* There were earlier recordings of the harmonica made in the United States, but to the best of my knowledge, none of these were released. Turelly recorded two pieces for Columbia in February 1915 - "Old Folks at Home" and "Auld Lang Syne". In December 1914, William Sisto, a stage performer frequently billed at "The Italian Statesman", recorded an untitled test recording for Victor, playing harmonica with organ accompaniment. The first American harmonica recordings that I have been able to discover were by Swedish actor and singer Elis Olson-Ellis, who recorded two harmonica tunes for Victor whilst touring the US in 1911 - "Orpheus I Underjorden” and “Svenska Bondlåtar”. For some reason, the spoken word performances from these sessions were issued, but the harmonica pieces were not.
I don't have a lot of information about Mr H. J. Woodall, who might be the first English harmonica player to appear on record. These two tracks were issued on Imperial 1140 - not sure of the exact date, but it would appear to have been some time in the very early 1920s. His style is typical of British harmonica players of the time, favouring enthusiasm over subtlety. A few years later, Woodall took third place in the Mouth Organ League's 1928 national championships.
The Punjaub March
There is some dispute over who composed this tune, being credited to both Charles Payne and Charles Lethière. It was a popular tune with military bands from the late 1800s onwards and Woodall plays it here in first position on an octave tuned diatonic in F.
Irish Jigs and Reels
This selection is played in first position on a diatonic in high G. The label describes it as "Piccolo Mouth Organ Solo", most likely the Piccolo model, made by the F. A. Böhm company. Böhm,makers of the popular Blue Bird brand harmonicas, were sponsors of the Mouth Organ League of Great Britain and Ireland and a testimonial letter from Mr Woodall was published in their 1927 Book of the Harmonica, praising the "majestic tone and harmony" of the Blue Bird brand instruments.
As mentioned on this page, Henry Whitter was the first person to record in the cross harp position and despite being a white musician, he showed a notable African-American influence on his harmonica style. Born in 1892 in Fries, Virginia, Whitter claimed to have made test recordings for Okeh in March 1923, however his first official recording session was in December 1923, in NewYork City. The first three pieces he recorded at this session were all harmonica solos.
Rain Crow Bill Blues
This is perhaps Whitter's most famous harmonica piece and he recorded it twice. This version was released on Okeh 40187 and his 1927 version was released on Victor 20878 (I have transcribed the main theme from the later version on this page). The tune appears to be in the key of Ab, with Whitter playing in second position on a Db harp. However, as Db harps were not generally available back then and his later recording of this tune is in the key of A played on a D harp, then I suspect that this take has been slowed down somewhere in the recording process.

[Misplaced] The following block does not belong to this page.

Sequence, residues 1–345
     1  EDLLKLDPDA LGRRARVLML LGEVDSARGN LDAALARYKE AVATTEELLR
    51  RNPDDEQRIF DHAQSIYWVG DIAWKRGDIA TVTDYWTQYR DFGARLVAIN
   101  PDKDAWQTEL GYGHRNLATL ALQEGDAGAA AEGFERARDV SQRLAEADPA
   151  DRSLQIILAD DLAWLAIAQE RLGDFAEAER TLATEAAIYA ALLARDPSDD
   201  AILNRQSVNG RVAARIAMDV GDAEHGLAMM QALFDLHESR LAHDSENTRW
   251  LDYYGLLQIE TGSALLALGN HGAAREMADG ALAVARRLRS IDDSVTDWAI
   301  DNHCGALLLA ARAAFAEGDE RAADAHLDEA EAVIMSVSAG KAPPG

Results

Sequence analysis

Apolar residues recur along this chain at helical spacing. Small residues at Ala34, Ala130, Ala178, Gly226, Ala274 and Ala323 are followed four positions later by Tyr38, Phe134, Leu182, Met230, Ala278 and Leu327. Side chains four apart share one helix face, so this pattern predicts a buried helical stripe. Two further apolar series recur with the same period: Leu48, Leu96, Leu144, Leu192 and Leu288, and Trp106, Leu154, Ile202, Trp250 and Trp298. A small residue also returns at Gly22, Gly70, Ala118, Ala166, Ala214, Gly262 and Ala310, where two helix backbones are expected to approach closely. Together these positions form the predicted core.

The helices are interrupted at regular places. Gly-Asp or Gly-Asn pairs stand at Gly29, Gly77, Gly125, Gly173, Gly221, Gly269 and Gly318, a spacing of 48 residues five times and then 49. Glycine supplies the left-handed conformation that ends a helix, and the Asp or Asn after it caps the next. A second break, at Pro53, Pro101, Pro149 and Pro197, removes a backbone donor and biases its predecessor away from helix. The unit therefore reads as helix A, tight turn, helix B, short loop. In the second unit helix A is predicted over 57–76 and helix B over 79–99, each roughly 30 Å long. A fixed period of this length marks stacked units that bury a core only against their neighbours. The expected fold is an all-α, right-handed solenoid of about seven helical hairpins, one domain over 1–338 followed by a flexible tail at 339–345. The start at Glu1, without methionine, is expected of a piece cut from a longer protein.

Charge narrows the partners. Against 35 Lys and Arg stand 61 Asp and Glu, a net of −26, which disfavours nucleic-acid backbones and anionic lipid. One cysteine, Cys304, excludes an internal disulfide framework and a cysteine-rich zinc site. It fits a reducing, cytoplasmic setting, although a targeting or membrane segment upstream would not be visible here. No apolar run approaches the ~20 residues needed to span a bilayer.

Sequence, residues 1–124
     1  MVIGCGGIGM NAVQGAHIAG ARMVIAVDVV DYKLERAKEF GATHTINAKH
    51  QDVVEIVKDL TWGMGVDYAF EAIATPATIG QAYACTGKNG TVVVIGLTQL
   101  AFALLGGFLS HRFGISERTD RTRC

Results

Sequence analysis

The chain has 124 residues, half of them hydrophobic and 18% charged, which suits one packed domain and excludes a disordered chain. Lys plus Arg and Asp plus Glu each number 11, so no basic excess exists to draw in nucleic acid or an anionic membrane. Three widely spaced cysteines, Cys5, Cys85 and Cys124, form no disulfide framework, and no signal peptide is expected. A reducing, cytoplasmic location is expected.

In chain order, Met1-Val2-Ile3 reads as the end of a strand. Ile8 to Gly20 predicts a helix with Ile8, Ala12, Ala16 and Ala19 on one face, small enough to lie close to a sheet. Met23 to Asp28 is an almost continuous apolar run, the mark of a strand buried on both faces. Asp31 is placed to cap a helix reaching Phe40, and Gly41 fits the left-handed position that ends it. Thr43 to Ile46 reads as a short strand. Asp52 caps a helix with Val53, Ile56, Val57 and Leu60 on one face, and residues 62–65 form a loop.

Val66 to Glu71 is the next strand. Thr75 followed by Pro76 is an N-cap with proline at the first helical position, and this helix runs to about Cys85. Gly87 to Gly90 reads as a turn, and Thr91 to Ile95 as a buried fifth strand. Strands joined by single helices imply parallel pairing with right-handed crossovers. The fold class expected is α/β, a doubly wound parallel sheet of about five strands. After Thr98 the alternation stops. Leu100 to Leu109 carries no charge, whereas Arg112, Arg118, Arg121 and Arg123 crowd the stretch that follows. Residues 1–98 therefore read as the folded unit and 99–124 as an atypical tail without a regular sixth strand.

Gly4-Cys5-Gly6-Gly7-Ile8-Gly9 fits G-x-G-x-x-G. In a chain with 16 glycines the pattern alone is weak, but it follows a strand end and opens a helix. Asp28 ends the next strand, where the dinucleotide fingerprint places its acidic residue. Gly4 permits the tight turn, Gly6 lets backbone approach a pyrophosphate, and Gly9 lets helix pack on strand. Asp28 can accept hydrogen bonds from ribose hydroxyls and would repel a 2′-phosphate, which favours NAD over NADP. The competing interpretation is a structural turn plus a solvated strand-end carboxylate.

Lost Train Blues
The obligatory train imitation, this one played in first position. It comes out in the key of B, but I suspect it has also been slowed down at some point in the process and was originally played on a C harp.
The Old Time Fox Chase
Back to cross harp again for another staple of the old time harmonica repertoire. Once again, although the tune comes out in the key of F#, I suspect that it was originally in the key of G played on a C harp.
Born Bora Minjevic in the Ukraine in 1902, Borrah Minevitch (shown above in a Hohner promotional photo from around 1923) is best known for his ensemble The Harmonica Rascals. However, his very first recording was as part of a trio put together by Victor Records to record the novelty tune "Hayseed Rag". Billed as The Dizzy Trio, Carson Robison played guitar and the ubiquitous Roy Smeck played banjo, with Minevitch supplying both piano and chromatic harmonica. Recorded in August 1924, this is the earliest commercial recording that features the chromatic harmonica. The recording plays in the key of C#, but I suspect that it has been sped up somewhere along the line and was actually played in the key of C, modulating to F for the piano solo, then back again to C. Minevitch is playing a 10-hole C chromatic in what was called "regular" tuning (ie the same as a standard 10-hole diatonic) which enables him to play the chordal vamping under the melody. Typical of early chromatics, the instrument is unvalved, allowing him to do some diatonic-like note bending.